I tried to post a take on “the present moment” that may focus on “only the sensed” (thanks to Doug for this term and the Bāhiya Sutta; I was familiar with neither, though it didn’t add a lot the what Doug wrote about the practical consequences of trying to live in the moment. But for some reason, a kept getting a “page not found” error when I tried to post. So I posted it on Doug’s YouTube page.

              • David S says:

                Hi Michael. I’m not sure what you think kept the Abhidharmists awake concerning time.

                Aren’t their conceptions based upon phenomenological experience (i.e. conditioned phenomena)? And therefore wouldn’t their conceptions be constrained by how perception itself comes to be experienced?

                Isn’t cognition a sequence (regardless of whether or not “reality” is actually sequential)? And wouldn’t this compliment/confirm their view of the momentariness of experience?

                I think it is important to retain an understanding of where their reference was situated. It was from their 1st hand experience.

                I consider “atomism” in this context, not so much related to physical sciences as to conceptual formation itself. The paradox of Zeno’s arrow is not paradoxical in experience, only within the terms of its description does it engender conceptual infinities.

                Consider how language creates paradoxes (This sentence is a lie.), and how the use of language has limitations that can differ from experience, and yet can give rise to the unexperienced (Einstein’s time distortions).

                Conceptions are practically unlimited and yet constrained by the form they take. Pluralistic descriptions abound.

                The phenomenological experience of time is simply linear because of how our perceptions come to be formed. The segmenting of the experience could very well be partial to the processes involved in attentional awareness.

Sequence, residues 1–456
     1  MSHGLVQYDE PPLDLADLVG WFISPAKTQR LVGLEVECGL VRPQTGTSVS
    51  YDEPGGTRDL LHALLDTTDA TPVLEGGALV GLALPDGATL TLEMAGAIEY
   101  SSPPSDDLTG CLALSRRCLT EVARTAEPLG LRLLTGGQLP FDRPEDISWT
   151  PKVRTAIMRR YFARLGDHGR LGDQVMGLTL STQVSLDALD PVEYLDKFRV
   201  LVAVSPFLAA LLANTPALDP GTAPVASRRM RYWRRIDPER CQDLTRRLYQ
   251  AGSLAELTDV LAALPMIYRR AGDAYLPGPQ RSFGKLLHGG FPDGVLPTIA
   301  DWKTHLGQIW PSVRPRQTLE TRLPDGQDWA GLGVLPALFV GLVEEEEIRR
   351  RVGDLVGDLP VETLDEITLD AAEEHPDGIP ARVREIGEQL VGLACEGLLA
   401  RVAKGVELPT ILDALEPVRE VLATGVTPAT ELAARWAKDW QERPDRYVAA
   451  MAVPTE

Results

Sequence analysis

Memory formations, fabrications, conscious of.

                Meditation carried to extremes appears to further expose this sequential nature of experience.

  3. Michael Finley Michael Finley says:

    Regards, David. Nice to hear from you again.

    I was just musing on the fact that the Abhidharmist’s grappled with the ontology of time, which as Doug’s video suggests, is a difficult question that has bothered a lot of philosophers and physicists for a very long time (if time really exists at all). So I wouldn’t be surprised if some Abhidharmists were kept up late wondering about it!

    My own tendency is to try to avoid ontological & metaphysical questions as much as I can, especially when I’m thinking about what I think is the core concern of Buddhism: How to live well. For that purpose, I think it is enough to contemplate what I called over on Doug’s YouTube page the “experienced moment,” and I think we might generally agree on that.

    The Abhidharmists, IMO, were seduced by the dark side — the need to develop a systematic ontology to underpin Gotama’s insights. But having said that, I think you may have done more justice than me to them when you wrote:

    “Aren’t their conceptions based upon phenomenological experience (i.e. conditioned phenomena)? And therefore wouldn’t their conceptions be constrained by how perception itself comes to be experienced?

    Isn’t cognition a sequence (regardless of whether or not “reality” is actually sequential)? And wouldn’t this compliment/confirm their view of the momentariness of experience?”

    So the Abhidharmists may have tried to faithfully preserve Gotama’s focus on experience, and done a reasonable job of characterizing that experience. However, I’d still part company with them to the extent that they seem to have insisted that they were really describing ontological “reality.”

    • David S says:

      Thanks Michael. Good to hear from you too.

      Yes, thoughts about time can wrangle the mind.

      Being a meditation student, I followed the instructions of “mindfulness” only to find that “the present moment” is a continual action of fabricating perceptual impressions (which, as Doug spoke of, takes time), and this process becomes too fleeting and unstable to even remain aware of. I found that if I pulled back I could rest my mind upon the ‘form’ of the present moment, rather than the ‘forming’ of the present moment. Your phrase the “experienced moment” hits it on the head.